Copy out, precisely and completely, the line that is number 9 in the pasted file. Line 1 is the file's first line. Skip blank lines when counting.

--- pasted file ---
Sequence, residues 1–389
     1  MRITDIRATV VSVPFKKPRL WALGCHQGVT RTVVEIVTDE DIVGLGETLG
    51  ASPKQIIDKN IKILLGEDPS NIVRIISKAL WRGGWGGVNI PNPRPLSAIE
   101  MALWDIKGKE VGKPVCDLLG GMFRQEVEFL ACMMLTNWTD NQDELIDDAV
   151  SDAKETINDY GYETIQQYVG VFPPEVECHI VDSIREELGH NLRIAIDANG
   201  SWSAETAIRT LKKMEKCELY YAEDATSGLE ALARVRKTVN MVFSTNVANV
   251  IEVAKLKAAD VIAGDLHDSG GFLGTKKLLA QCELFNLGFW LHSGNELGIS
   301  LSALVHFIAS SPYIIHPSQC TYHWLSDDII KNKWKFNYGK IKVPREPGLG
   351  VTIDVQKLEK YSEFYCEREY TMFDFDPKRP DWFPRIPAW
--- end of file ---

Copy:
   351  VTIDVQKLEK YSEFYCEREY TMFDFDPKRP DWFPRIPAW